United States District Court, M.D. North Carolina
MEMORANDUM OPINION, ORDER, AND RECOMMENDATION OF
UNITED STATES MAGISTRATE JUDGE
Patrick Auld United States Magistrate Judge.
case comes before the Court on Plaintiff's Application to
Proceed In Forma Pauperis (the
“Application”)(Docket Entry 1) filed in
conjunction with his pro se Complaint (Docket Entry 2). For
the reasons that follow, the Court will grant Plaintiff's
instant Application for the limited purpose of recommending
dismissal of this action, under 28 U.S.C. §
1915(e)(2)(B)(ii), for failure to state a claim.
federal in forma pauperis [‘IFP'] statute,
first enacted in 1892 [and now codified at 28 U.S.C. §
1915], is intended to guarantee that no citizen shall be
denied access to the courts ‘solely because his poverty
makes it impossible for him to pay or secure the
costs.'” Nasim v. Warden, Md. House of
Corr., 64 F.3d 951, 953 (4th Cir. 1995) (en banc)
(quoting Adkins v. E.I. DuPont de Nemours & Co.,
335 U.S. 331, 342 (1948)). “Dispensing with filing
fees, however, [is] not without its problems. Parties
proceeding under the statute d[o] not face the same financial
constraints as ordinary litigants. In particular, litigants
suing [IFP] d[o] not need to balance the prospects of
successfully obtaining relief against the administrative
costs of bringing suit.” Nagy v. Federal Med. Ctr.
Butner, 376 F.3d 252, 255 (4th Cir. 2004).
address this concern, the IFP statute provides, in relevant
part, that “the court shall dismiss the case at any
time if the court determines that the action or appeal fails
to state a claim on which relief may be granted.” 28
U.S.C. § 1915(e)(2)(B)(ii). A complaint falls short when
it does not “contain sufficient factual
matter, accepted as true, to ‘state a claim to
relief that is plausible on its face.'”
Ashcroft v. Iqbal, 556 U.S. 662, 678 (2009)
(emphasis added) (internal citations omitted) (quoting
Bell Atl. Corp. v. Twombly, 550 U.S. 544, 570
(2007)). This standard “demands more than an unadorned,
Id. In other words, “the tenet that a court
must accept as true all of the allegations contained in a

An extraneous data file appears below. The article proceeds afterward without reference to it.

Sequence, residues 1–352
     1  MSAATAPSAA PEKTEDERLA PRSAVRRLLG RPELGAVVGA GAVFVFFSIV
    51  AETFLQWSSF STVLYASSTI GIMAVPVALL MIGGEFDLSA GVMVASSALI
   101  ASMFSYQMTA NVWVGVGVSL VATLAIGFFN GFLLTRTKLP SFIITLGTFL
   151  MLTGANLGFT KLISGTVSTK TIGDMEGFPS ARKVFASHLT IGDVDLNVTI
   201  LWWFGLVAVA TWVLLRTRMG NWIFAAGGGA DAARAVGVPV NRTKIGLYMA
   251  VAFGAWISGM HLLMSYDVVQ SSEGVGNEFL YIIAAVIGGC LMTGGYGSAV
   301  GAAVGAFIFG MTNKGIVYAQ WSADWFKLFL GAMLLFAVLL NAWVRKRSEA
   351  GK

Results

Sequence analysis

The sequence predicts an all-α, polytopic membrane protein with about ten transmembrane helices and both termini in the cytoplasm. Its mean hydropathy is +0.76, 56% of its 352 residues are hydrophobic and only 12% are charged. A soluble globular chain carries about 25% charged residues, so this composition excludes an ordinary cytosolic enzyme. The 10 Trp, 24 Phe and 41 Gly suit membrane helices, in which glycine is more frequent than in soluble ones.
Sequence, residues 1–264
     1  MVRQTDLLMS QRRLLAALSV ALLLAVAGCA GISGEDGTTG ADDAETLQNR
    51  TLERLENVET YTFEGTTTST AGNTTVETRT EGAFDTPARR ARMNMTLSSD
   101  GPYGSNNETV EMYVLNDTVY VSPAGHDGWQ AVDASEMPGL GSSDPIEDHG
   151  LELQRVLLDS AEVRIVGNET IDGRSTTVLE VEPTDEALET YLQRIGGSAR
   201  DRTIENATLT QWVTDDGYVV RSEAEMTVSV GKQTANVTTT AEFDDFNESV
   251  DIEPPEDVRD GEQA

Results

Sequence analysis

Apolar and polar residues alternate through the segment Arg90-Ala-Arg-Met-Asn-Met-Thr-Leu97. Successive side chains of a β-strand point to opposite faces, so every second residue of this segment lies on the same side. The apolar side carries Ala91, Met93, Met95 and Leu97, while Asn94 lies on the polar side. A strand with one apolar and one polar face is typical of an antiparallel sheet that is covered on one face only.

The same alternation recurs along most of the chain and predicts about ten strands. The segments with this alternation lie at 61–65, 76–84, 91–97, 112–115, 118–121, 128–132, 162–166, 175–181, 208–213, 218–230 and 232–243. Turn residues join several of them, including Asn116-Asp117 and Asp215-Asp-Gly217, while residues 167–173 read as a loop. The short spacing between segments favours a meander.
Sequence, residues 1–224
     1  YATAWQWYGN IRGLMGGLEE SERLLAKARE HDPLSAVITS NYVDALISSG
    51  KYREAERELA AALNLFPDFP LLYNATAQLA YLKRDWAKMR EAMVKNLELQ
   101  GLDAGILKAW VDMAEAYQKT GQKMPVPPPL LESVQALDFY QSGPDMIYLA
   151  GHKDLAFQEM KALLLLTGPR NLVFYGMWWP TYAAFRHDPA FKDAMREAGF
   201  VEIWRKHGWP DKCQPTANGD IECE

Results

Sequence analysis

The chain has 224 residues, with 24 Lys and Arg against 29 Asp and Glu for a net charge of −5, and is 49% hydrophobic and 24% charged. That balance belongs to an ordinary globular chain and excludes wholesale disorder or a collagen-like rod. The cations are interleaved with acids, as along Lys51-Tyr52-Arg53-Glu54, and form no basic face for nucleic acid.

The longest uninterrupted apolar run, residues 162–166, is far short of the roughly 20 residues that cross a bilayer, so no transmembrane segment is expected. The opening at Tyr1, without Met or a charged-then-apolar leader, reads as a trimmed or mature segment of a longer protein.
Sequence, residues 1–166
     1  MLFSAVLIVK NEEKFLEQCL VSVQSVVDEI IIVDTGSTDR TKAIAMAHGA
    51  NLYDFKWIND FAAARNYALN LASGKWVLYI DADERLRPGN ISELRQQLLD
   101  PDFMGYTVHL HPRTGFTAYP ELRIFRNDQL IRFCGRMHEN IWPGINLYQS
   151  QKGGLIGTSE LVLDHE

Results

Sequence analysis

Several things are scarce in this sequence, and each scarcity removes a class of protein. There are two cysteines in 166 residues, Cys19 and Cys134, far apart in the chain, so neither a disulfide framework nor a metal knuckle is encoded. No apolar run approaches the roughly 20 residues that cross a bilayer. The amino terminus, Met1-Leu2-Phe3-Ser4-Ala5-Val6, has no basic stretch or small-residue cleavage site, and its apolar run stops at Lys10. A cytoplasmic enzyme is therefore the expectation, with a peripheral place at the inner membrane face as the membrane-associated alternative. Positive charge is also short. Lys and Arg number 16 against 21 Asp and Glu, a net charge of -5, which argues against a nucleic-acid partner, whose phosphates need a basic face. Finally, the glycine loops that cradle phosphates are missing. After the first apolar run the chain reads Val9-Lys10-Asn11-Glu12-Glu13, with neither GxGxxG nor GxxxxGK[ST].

complaint is inapplicable to legal conclusions. Threadbare
recitals of the elements of a cause of action, supported by
mere conclusory statements, do not suffice.”
Id. The Court may also anticipate affirmative
defenses that clearly appear on the face of the complaint.
Nasim, 64 F.3d at 955.
claims under “42 U.S.C. § 1983” for
“[v]iolation of [his] constitutional [r]ights . . .
[under the] 8th, 5th, 6th,
7th, and 14th [A]mendment[s], ”
Plaintiff initiated this action against four defendants: (1)
“Governor Roy Cooper” (“Governor
Cooper”), (2) “Roy Lee Guy”
(“Defendant Guy”), (3) “The Office of
Executive Clemency, ” and (4) “Laura Dian
Loewe” (“Defendant Loewe”). (Docket Entry 2
at 1-3.) The Complaint's statement of claim states in its
[Plaintiff] ha[s] a pending [p]ardon of innocence with the
Governor's office; Case # P-17-0009. [Plaintiff] was
wrongfully incarcerated for offenses 98crs5208, 98crs7980
& 98CRS7979. [ ] Since released from [p]rison and/or
Durham County Jail; [Plaintiff] ha[s] been subject to cr[ue]l
and unusual circumstances such as homelessness, employment
discrimination, [Plaintiff's] name has been slander[ed]
endlessly and [Plaintiff is] continuously harassed by police
and locked while at school - pastence [sic], and charges end
up dismissed which leaves [Plaintiff] wors[e] off.
[Plaintiff] ha[s] written letters and too called Gov[e]rnor
Cooper['s] administration voi[c]ing [his] concerns and
yet to no avail[. Plaintiff] ha[s] also been the victim of
insurance fraud[ ] at the hand of the police[ in D]urham[, ]
or so it appears[.]
(Id. at 4.) The Complaint also alleges that
Plaintiff has “been subjected to housing
discrimination, employment discrimination, slander/libel and
[m]ore” (id. at 5), and further requests
“compensat[ion] for  mental anguish and punitive
damages in accordance with federal law or simply for [his]
pardon of innocence to be granted” (id. at 6).
The Office of Executive Clemency
initial matter, the Office of Executive Clemency does not
qualify as a “person” subject to suit under 42
U.S.C. § 1983. In that regard, to state a claim for
relief under Section 1983, Plaintiff must assert “that
[he was] deprived of a right secured by the Constitution or
laws of the United States, and that the alleged deprivation
was committed under color of state law.” American
Mfrs. Mut. Ins. Co. v. Sullivan, 526 U.S. 40, 49-50
Office of Executive Clemency falls within the North Carolina
Department of Public Safety (see Docket Entry 2-1 at
1), a state agency. “[T]he state and its agencies are
not persons acting under state law.” Shelton v.
Crookshank, No. 3:17CV108, 2018 WL 527423 ( W.Va. Jan.
24, 2018) (unpublished) (internal citation omitted)
(dismissing Section 1983 claims against state agencies
including office of state's governor),
aff'd, 742 Fed.Appx. 782 (4th Cir. 2018).
Therefore, the Court should dismiss all claims against the
Office of Executive Clemency.